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The assumption that the rate at which students learn varies drives many common grouping, instructional, and grading practices. It may seem obvious that some students learn at a faster pace while other students need more time to make a similar amount of progress. But what if this assumption is wrong? 

What if, in fact, most learners actually learn at the same rate? A major peer-reviewed study conducted at Carnegie Mellon University set out to discover why and how some learners learn faster than others. The study included more than 7000 youth and adult learners from a variety of backgrounds, learning histories, and geographic areas, as well as 1.3 million observations, and 27 datasets. Participants were given a variety of learning tasks in math, science, and language, and their progress was closely monitored.  

To the surprise of the researchers, the data showed that there was very little variance in the pace of learning across populations. They discovered that the determinative factor is the amount of background knowledge learners bring to the learning challenge. Those labeled as “fast learners” possessed more background knowledge to apply to their learning efforts, not special skills or talents. Of course, elements such as level of motivation and strength of memory can impact the amount of persistence and length of learning retention, but these factors only complement learning efforts. 

To use a baseball metaphor, some students come to learning tasks with academic background knowledge that already places them on second or third base, while other students may have so little background knowledge that they are barely at first base. Of course, students on all three bases may be capable of reaching home and “scoring,” but the students on first base have a much longer distance to travel to be successful. In this context, it is not difficult to understand why students with limited background knowledge are less likely to “score” consistently. Yet, most grading systems are weighted heavily toward those who “cross home plate,” not how far they have come.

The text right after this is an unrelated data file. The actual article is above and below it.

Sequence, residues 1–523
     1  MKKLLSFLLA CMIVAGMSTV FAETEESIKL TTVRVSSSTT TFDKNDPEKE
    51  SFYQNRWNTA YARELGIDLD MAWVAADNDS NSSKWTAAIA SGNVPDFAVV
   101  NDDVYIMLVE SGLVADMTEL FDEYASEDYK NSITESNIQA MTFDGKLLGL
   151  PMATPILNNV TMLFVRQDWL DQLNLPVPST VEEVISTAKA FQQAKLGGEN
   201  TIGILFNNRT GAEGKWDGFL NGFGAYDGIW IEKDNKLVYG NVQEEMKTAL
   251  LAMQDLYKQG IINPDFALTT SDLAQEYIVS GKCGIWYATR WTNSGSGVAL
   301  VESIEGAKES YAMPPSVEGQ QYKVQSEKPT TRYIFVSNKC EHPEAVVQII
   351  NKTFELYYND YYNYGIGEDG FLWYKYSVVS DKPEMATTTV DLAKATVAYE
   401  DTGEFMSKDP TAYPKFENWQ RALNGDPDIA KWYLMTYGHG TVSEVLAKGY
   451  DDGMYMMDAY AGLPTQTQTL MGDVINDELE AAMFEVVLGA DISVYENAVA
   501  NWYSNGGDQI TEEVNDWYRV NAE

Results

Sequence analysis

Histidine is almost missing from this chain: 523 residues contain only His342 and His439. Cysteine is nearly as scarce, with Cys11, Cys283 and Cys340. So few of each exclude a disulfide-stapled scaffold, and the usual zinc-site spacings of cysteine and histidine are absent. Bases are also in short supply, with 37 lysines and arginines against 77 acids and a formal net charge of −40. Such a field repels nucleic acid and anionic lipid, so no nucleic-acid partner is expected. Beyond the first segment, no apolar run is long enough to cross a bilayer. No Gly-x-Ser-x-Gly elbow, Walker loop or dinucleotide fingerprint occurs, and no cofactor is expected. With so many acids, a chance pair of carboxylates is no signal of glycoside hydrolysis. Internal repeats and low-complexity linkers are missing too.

This research calls into question several common assumptions about learning and traditional grading practices. As we reflect on the implications of the Carnegie Mellon study, there are several aspects of common practice worthy of debate. Here seven questions to start the discussion: 

  1. Should grades reflect what students know at the end of a teaching and learning cycle, or should grades reflect what they have learned during that cycle? 
  1. If learning success is heavily dependent on background knowledge, should more time be spent building and activating background knowledge to better “level the playing field” before engaging in new instruction? 
  1. Should students be assessed prior to instruction to facilitate the documentation of what they learn? 
  1. Does a student who initially lacked background knowledge deserve to call “foul” if another student who learned less than that student receives a higher grade? 
  1. Would giving students a grade based on what they learn regardless of their initial background knowledge be comparable to giving a prize for effort? Why or why not? 
  1. Since academic background knowledge is highly correlated with race and socioeconomic status, is grading solely on what students know at the end of a teaching and learning cycle inequitable? 
  1. Should students receive two grades: one grade for what they know and one for what they have learned during a teaching and learning cycle? 

This study raises important questions about how we engage learners and document learning. Now is a good time to reexamine our assumptions about the rate and nature of learning. We also need to revisit traditional grading practices to ensure that we are not placing too much emphasis on what students know at the expense of what they have learned.  

Reference:

Koedinger, K. R., Carvalho, P. F., Liu, R., and McLaughlin, E. A. (2023). An astonishing regularity in student learning rate. Proceedings of the National Academy of Sciences in the United States of America, 120(13). https://doi.org/10.1073/pnas.2221311120 

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